Regional Seismic Variation

Solid Earth & Tectonic Processes

Cliff Frohlich, associate director of the Institute for Geophysics
Cliff Frohlich, associate director of the Institute for Geophysics

The Williston Basin in the north central U.S. produced fewer earthquakes caused by wastewater injection than Texas, suggesting the link between seismicity and production activities may vary by region. The findings were published in the journal Seismological Research Letters in February 2015.

Ongoing since the 1950s, petroleum and gas production in the Williston Basin, underlying parts of Montana, North Dakota, South Dakota and Saskatchewan in Canada, changed in recent years to include hydraulic fracturing and horizontal drilling. Scientists from The University of Texas at Austin took advantage of new monitoring data to explore the connection between seis­micity and petroleum production near the Bakken Formation, an area of historically low seismicity, but with a recent history of increased hydraulic fracturing and wastewater disposal.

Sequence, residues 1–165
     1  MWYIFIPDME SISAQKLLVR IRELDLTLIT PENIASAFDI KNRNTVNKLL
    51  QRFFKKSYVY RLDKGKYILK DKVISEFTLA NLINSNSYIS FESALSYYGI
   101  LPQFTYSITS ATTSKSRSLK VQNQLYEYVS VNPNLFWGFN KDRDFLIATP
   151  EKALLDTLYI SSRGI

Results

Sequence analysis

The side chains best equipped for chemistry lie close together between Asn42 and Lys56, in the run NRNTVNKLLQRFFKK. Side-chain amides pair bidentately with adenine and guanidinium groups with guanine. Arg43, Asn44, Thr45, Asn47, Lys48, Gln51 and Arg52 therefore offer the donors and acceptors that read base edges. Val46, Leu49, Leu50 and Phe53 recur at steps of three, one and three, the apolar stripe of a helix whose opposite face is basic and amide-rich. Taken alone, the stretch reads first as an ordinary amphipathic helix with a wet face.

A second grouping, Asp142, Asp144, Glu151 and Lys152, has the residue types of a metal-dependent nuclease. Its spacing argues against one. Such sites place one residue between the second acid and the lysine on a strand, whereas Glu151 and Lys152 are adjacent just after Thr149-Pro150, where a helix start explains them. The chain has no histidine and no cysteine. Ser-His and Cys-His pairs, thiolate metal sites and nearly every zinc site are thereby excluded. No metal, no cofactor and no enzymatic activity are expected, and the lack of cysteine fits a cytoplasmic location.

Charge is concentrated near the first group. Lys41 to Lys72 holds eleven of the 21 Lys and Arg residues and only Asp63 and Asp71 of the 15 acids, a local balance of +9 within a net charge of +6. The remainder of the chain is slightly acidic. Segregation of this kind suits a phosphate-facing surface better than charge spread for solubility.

“Why are earthquakes triggered in some areas and not in others? It’s an important question for regulators and the scientific commu­nity,” said Cliff Frohlich, lead author of the study and associate director of the Institute for Geophysics. “Some answers are emerging.”

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